The best way to gauge the differences between nonfiction in MFA programs and nonfiction in MA programs is to compare syllabi, and note the marginal place of Barthes, Derrida, Adorno, and others in MFA programs, and the near-absence of the English-language tradition of nonfiction in MA programs. Another way is to compare guest speakers. The Creative Writing Nonfiction MA at Columbia College, Chicago, lists as its recent guest speakers "Dinty W. Moore, Amy Leach, John D'Agata, Jay Ponteri, Claudie Rankine, John Bresland, Laura Kipnis, and Lia Purpura." By contrast, UCLA's Program in Experimental and Critical Theory lists Alain Badiou, Bernard Stiegler, and Evelyn Annuss, and the PNCA's MA in Critical Theory and Creative Research lists "Jacques Rancière, W.J.T. Mitchell, Art Spiegelman, James Turrell, Heike Kuehn, Ellen Dissanayake, Sue Coe, Susan Szenasy, David Shipley, Kurt Andersen, Joe Sacco, Laurie Anderson, Lewis Hyde, and Mel Chin." On the one hand there's a primarily Anglophone history of creative writing and nonfiction, and on the other a mixture of Continental (mainly French and German) philosophy and artists. The asymmetry is interesting and deep, given that it isn't only a matter of the acceptance or avoidance of "theory" but also of proximity to the visual art world.

(There are a number programs that overlap these two categories, offering some theory courses along with MFA-style writing, or supporting MFA-style writing in a preeminently experimental setting. CalArts's MFA in Creative Writing, for example, has a website that advertises its engagement "with the history, theory and politics of contemporary writing," but its journal, Black Clock, has featured another sort of writer, including "Don DeLillo, Richard Powers, Joanna Scott, Jonathan Lethem, Lynne Tillman, Rick Moody, Samuel R. Delany, Aimee Bender, Joseph McElro." The distinctions I'm observing here are general ones; they would have to be assessed in each program individually.)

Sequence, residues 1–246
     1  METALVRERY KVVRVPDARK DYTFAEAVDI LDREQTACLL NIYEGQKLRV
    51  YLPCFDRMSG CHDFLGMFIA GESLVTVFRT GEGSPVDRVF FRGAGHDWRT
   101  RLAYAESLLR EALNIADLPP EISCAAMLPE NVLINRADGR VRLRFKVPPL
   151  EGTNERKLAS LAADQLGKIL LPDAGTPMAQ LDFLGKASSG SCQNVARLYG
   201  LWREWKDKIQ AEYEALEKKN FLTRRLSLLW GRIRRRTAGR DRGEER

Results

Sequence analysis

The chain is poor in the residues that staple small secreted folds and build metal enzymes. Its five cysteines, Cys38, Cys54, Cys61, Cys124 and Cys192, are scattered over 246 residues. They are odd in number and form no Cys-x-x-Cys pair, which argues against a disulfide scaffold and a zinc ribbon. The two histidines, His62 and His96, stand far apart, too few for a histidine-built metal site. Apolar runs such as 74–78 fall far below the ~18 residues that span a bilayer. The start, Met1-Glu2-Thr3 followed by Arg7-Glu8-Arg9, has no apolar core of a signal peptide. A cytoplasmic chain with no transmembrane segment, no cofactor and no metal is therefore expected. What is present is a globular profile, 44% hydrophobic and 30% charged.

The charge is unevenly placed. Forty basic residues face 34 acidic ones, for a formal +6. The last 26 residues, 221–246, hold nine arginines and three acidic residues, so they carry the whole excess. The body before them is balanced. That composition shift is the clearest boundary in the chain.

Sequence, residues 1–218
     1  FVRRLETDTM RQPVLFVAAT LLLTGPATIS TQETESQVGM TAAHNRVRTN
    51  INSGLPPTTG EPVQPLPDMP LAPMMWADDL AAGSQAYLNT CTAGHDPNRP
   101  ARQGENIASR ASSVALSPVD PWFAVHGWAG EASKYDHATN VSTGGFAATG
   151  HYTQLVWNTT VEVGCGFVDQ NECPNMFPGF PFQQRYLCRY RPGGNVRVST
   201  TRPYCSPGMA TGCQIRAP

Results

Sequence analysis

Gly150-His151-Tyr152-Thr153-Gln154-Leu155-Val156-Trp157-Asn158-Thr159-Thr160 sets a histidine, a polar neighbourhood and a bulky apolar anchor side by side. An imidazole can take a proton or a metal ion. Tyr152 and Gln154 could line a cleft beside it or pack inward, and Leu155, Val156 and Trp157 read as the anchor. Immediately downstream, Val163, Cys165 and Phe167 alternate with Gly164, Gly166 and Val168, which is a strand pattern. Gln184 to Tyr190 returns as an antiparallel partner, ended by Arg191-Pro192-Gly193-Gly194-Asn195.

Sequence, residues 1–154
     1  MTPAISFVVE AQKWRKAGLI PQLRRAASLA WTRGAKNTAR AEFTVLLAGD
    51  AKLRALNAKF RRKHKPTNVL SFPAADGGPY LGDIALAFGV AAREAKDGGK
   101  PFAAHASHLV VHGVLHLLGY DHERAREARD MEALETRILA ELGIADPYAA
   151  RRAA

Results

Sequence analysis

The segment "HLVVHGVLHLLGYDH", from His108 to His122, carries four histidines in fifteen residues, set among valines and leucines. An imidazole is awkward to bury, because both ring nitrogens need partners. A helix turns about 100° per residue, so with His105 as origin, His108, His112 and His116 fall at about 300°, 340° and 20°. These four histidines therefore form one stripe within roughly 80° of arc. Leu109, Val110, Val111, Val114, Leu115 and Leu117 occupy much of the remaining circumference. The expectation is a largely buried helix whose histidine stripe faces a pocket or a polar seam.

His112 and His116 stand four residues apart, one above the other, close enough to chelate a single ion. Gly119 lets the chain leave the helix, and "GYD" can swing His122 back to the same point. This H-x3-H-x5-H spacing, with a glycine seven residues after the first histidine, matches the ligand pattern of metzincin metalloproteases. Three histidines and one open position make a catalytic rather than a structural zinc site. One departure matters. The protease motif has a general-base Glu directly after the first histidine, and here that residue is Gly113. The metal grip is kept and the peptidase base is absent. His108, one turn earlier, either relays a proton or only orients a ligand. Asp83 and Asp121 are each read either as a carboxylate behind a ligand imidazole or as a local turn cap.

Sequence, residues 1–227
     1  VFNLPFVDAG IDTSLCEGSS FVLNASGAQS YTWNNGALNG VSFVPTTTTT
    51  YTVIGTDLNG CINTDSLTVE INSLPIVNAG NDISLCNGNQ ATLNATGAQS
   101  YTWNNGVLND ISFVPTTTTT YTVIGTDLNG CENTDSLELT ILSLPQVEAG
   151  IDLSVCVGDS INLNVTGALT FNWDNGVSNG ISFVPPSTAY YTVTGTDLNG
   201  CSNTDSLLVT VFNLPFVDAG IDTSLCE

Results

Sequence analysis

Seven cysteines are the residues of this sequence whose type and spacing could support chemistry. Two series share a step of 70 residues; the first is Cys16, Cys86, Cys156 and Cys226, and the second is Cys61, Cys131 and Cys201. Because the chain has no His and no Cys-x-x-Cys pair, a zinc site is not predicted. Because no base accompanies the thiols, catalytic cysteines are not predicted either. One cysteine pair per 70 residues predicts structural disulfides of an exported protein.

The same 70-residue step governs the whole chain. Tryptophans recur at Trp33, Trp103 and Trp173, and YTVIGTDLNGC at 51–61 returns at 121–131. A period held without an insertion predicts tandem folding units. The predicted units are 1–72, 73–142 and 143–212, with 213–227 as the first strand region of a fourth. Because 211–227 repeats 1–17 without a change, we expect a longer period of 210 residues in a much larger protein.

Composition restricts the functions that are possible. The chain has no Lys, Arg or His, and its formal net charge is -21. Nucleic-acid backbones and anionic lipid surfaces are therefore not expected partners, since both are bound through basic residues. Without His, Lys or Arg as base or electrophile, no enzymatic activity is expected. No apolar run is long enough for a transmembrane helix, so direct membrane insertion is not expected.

This makes me think of a short list of proposals for advancing a more complex sense of what nonfiction can do when it comes to visual art:

1. It would be interesting to extend the mainly Anglophone history of the essay into other languages. This happens in the older scholarship on the essay, such as Richard Chadbourne's internationally-minded "A Puzzling Literary Genre: Comparative Views of the Essay," Comparative Literature Studies 20 no. 2 (1983). And yet even the earlier literature is centered on Europe and European languages; it would be good to make use of the last thirty years of postcolonial and area studies to include essays  in minor European and non-European languages.

2. It would also be interesting to develop the relatively few points of intersection between contemporary theorizing on visual art (including artists who theorize, as well as visual studies scholars such as Irit Rogoff and W.J.T. Mitchell) and contemporary literary theory that is engaged with nonfiction (including John d'Agata, David Lazar, and Philip Lopate, but also Marjorie Perloff, Charles Altieri and others).

3. And it would be equally fruitful to try to bridge the gap between the day-to-day discussion of art in art schools, art departments, and art academies, on the one hand, and philosophy departments involved with critical theory, on the other. This was the proposal of a one-day event at Parsons The New School, called "What is Critique?," in which half the day was devoted to "the crit," and the other half to Adorno and critical theory. The assumption of the day was that the optimal source of sense for the "art crit" was Frankfurt School theory, but on that day at least, no one elaborated how that might be explored. (More on this later.)

4. And it would be especially good to know more about nonfiction teaching in countries outside Europe and North America.